We ve been hearing them for years proposals to tax certain foods or beverages because of their purported health effects. Now a Belgian professor, Olivier de Schutter, has issued a statement, according to a Reuters report, that Unhealthy diets are now a greater threat to global health than tobacco. To cope with the issue, de Schutter draws a parallel between tobacco control, and we guess food control. His statement was issued at the annual meeting of the World Health Organization, and echoed a report he delivered in 2012.
Just as government bodies at several levels have increased taxes on tobacco products, allegedly to decrease their use, he thinks that a similar strategy will help reduce obesity. Also, he believes we should regulate foods high in saturated fats, salt and sugar, and regulate advertising of junk food.
While we understand the professor s concerns, we disagree with this proposal on more than one level. First, tobacco use and food consumption are very different entities, and any comparison of the two is manipulative and disingenuous. Although both enter the body through the mouth, they are not similar when it comes to control. People can live very well without inhaling tobacco smoke (and tobacco smoke is far and away the most dangerous form of use); but of course no one can live without food and water. So since one must eat and drink, the issue boils down to choices.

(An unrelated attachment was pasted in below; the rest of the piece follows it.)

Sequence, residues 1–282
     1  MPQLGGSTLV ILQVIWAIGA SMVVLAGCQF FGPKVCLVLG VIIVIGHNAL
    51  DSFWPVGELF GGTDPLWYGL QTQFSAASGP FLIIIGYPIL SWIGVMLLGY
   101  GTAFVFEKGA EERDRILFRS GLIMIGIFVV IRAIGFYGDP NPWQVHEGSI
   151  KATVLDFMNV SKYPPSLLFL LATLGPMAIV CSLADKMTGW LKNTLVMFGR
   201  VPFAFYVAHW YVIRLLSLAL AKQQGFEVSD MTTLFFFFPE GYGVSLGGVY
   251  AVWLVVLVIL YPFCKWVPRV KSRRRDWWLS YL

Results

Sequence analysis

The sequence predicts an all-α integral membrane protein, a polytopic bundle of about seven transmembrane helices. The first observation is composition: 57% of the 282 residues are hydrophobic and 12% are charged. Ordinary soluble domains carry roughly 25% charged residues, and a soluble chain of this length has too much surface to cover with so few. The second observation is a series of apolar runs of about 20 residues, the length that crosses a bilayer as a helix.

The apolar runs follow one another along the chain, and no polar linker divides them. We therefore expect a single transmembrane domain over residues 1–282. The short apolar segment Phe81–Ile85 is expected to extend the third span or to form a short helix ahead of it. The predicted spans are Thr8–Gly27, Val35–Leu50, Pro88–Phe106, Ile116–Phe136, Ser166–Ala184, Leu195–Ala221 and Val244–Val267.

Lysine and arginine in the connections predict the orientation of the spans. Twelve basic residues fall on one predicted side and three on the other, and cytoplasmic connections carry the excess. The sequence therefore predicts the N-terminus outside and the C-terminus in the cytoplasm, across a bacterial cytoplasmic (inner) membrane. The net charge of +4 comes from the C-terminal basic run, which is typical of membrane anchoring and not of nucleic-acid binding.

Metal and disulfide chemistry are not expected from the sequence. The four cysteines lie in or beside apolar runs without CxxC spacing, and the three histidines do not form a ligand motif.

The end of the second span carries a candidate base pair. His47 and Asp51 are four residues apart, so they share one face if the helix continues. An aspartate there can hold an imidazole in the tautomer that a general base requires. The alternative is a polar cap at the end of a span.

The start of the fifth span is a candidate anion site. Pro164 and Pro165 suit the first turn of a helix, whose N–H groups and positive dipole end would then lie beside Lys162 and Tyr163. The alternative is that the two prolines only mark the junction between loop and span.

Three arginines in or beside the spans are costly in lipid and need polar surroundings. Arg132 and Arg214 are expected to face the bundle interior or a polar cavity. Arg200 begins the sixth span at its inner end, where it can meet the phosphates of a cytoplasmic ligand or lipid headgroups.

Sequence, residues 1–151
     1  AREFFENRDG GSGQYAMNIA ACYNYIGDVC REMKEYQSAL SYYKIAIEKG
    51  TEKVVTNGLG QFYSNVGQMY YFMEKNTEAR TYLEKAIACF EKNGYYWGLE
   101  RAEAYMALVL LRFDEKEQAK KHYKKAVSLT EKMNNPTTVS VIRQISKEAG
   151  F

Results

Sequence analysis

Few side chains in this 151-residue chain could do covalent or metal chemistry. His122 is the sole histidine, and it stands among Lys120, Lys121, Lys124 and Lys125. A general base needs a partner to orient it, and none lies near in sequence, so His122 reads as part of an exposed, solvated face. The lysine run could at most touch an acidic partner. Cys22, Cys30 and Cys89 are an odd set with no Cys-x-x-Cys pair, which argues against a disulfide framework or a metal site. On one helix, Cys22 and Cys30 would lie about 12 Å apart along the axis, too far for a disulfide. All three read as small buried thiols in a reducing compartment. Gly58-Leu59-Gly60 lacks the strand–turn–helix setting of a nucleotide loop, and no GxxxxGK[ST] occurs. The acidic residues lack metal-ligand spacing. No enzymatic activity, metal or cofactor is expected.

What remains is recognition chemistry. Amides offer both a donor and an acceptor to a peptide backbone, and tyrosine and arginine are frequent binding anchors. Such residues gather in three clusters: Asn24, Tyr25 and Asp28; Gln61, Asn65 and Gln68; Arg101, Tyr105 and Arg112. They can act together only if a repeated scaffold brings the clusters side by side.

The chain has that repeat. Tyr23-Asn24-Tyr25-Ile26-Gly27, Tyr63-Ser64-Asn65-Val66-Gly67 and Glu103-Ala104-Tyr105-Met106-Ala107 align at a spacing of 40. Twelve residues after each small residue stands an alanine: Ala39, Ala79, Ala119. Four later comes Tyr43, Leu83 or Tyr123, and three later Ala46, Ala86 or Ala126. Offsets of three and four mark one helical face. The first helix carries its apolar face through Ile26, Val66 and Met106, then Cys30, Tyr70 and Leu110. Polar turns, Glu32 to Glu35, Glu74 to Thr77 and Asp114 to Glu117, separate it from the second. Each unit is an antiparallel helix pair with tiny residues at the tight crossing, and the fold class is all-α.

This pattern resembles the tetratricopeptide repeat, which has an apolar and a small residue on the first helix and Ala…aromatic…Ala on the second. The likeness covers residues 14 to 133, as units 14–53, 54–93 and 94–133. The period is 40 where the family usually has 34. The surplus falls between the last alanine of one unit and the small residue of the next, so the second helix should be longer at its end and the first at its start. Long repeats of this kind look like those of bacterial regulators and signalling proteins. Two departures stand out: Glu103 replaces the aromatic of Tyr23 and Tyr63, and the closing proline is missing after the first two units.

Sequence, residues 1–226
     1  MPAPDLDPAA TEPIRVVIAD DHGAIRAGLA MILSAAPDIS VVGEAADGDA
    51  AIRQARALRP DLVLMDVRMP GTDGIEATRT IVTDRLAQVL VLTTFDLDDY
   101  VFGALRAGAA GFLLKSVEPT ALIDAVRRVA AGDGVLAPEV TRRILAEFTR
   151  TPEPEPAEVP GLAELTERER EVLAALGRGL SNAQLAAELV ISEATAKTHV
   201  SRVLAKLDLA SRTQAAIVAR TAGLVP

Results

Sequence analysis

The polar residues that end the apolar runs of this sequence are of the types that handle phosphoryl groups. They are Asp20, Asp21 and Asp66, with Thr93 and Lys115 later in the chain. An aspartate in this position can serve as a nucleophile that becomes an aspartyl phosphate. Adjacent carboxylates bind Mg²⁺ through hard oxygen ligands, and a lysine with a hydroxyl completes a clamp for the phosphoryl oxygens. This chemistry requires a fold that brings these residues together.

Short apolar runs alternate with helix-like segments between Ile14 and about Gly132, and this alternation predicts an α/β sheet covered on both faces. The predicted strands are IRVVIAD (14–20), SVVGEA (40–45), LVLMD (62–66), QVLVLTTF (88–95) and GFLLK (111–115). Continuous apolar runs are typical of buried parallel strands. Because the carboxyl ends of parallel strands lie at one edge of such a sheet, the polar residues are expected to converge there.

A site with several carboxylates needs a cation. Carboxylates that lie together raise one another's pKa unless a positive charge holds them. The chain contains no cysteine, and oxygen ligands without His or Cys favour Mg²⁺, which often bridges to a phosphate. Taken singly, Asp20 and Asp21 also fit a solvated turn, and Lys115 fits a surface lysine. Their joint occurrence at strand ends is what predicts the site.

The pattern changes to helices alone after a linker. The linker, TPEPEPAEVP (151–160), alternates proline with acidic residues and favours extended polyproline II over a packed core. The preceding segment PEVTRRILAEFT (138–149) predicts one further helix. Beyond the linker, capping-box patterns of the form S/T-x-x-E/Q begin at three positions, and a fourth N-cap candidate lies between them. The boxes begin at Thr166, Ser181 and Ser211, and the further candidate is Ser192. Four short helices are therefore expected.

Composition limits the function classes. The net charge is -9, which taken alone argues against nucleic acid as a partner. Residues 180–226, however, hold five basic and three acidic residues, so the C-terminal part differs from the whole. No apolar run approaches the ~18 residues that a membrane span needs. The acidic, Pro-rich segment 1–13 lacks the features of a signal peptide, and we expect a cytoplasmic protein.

Although it s tempting to assume that decreasing the purchase of supposedly unhealthful foods and beverages will result in a good diet, that s not necessarily true. Pricing consumers out of the market for full sugar soft drinks, for example, will not necessarily mean they start drinking only water.
In addition, while it s simple to state that unhealthy foods should be decreased, the question arises as to who will decide that certain foods are healthy or not? Most people would agree that spinach is a healthful food, but what about when it s combined in a casserole with sausage and cheese both high in saturated fats? And the possible combinations are unlimited.
After all, it s poor diets that result in untoward health effects, as professor de Schutter acknowledges, not particular foods. If we want people to select better diets, they must first of all know what those diets consist of. And just demonizing particular foods and beverages will not accomplish that.
ACSH s Dr. Elizabeth Whelan notes It s a real failure of logic to conflate tobacco use, especially cigarette smoking, with poor food choices. Although control efforts have helped bring down the smoking rates in the US, there are still over 400,000 deaths per year that can be directly attributed to cigarette smoking. But education is even more important when addressing the issue of obesity; taxation may lead to decreased consumption of particular foods and beverages, but will not necessarily lead to decreased calorie consumption or obesity.